Strategic decision-making: Analyzing available data enables strategic decision-making by offering quantifiable insights into your workforce trends, employee engagement levels, and performance gaps. You and your leadership can use HR metrics to align current initiatives with the company mission and goals.

Resource allocation: Looking at how your organization allocates its resources will allow you to identify areas of high performance and areas needing improvement. By analyzing metrics such as cost per hire, training ROI, and turnover costs, you can better allocate resources on programs that drive results.

Identifying trends and patterns: HR metrics allow your team to identify trends and patterns within its workforce, such as turnover trends, absenteeism patterns, and performance trends. By monitoring these metrics over time, your HR department can spot emerging issues before they become a serious problem and take proactive measures to fix them.

Benchmarking: The right data will allow your team to benchmark its performance against industry standards and best practices. When you use metrics such as turnover rates, employee engagement scores, and compensation levels with industry benchmarks, you’ll be able to identify areas of strength and areas needing improvement.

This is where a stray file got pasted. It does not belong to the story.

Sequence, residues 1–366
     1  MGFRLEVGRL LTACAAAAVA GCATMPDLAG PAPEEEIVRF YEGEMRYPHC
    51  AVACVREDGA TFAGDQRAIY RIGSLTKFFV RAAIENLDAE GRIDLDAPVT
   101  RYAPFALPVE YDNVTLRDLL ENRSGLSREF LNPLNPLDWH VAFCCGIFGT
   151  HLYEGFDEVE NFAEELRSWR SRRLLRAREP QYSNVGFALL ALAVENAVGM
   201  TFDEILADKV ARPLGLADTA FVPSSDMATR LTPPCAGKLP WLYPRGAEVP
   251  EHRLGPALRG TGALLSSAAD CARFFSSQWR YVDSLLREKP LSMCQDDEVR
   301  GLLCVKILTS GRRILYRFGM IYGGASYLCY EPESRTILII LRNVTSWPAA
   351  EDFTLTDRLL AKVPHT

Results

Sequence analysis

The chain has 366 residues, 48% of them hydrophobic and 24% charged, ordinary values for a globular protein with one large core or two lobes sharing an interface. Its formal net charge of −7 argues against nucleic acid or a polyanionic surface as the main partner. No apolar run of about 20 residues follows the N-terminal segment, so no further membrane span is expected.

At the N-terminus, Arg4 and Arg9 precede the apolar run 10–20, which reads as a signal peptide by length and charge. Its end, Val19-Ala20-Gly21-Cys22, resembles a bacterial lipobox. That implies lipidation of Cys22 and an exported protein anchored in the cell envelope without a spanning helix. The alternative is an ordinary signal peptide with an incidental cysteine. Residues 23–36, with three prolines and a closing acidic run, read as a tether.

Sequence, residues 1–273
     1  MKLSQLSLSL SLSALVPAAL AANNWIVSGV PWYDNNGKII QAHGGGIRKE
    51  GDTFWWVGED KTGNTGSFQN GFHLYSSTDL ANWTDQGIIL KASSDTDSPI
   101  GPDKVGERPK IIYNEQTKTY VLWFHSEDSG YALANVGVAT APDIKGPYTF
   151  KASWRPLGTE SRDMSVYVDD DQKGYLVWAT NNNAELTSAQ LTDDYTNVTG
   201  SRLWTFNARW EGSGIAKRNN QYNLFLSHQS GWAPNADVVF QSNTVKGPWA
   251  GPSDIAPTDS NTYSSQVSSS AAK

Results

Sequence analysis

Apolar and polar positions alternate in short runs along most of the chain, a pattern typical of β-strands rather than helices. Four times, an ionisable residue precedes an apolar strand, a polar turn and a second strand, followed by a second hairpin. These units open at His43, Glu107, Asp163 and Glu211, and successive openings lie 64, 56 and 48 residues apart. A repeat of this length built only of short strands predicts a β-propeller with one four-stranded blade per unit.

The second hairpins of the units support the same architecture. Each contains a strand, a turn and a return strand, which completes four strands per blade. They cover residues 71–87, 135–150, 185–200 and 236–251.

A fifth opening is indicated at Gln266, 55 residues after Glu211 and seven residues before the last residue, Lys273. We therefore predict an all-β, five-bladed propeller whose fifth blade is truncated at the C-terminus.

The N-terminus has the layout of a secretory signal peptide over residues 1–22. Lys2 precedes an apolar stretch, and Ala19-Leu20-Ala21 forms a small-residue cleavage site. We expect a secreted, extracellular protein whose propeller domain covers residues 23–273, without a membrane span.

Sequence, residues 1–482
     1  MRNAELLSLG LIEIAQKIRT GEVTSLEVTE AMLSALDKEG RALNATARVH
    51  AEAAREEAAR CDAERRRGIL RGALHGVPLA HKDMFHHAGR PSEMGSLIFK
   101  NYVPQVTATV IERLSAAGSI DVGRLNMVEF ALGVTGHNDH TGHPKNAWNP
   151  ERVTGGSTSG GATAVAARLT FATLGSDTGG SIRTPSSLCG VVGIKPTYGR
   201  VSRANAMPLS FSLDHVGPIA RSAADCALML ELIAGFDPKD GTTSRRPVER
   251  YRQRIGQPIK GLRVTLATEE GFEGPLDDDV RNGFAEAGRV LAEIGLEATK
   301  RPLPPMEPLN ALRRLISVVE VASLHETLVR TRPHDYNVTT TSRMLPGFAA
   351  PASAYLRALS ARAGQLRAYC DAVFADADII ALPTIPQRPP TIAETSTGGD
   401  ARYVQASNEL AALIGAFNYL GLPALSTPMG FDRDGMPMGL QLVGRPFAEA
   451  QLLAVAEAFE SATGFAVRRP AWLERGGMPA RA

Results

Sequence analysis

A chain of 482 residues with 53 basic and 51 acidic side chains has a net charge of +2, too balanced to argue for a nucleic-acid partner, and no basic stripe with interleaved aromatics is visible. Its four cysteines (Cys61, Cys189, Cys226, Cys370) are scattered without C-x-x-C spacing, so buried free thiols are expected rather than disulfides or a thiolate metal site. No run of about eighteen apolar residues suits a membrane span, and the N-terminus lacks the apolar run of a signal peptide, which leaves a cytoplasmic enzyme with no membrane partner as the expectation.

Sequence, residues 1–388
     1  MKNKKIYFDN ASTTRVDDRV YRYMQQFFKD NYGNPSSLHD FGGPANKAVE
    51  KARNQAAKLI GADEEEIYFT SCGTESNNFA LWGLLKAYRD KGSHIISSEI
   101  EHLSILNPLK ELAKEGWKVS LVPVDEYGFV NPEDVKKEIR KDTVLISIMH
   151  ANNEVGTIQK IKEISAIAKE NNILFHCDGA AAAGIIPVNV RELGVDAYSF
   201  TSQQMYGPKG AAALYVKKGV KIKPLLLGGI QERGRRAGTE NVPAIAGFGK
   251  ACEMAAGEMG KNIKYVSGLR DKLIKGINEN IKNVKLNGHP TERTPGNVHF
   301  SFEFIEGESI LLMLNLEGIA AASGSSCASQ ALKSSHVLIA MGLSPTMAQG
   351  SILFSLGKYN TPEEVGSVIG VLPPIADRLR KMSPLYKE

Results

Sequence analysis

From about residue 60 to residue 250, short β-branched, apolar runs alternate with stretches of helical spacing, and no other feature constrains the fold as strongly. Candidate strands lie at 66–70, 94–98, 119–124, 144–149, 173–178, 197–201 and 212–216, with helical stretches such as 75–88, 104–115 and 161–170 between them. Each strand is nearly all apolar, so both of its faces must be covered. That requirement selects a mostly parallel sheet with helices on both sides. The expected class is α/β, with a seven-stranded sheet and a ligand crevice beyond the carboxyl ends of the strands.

Read next: What is Benchmarking in HR?

Employee engagement and retention: Analyzing HR metrics is absolutely essential for measuring and improving employee engagement and retention. Metrics such as employee satisfaction scores, turnover rates, and promotion rates provide insights into satisfaction levels and factors influencing employee motivation and retention.

Compliance and risk management: Ensuring compliance with legal and regulatory requirements related to workforce management is a top priority for HR teams. Metrics such as diversity ratios and training completion rates will help your organization mitigate risks and keep compliant with labor laws and regulations.

Armed with the right data, your HR Team will be able to adjust, update, forecast and strategize—fixing any issues that exist now, while laying the groundwork for success down the road.

Why are HR metrics important? 

You probably already know the importance of data to make informed decisions. But studying key HR metrics can be truly transformative for your workforce initiatives and overall strategy. Here’s what you need to know:

Make informed decisions, and show how you did so: Access to valuable data and insights will enable your team to make informed decisions—and prove how you did so. Analyzing metrics such as employee turnover rates, recruitment efficiency, and training effectiveness, will help you identify trends, patterns, and areas for improvement, leading to more effective workforce management strategies, and a seat at the strategy planning table.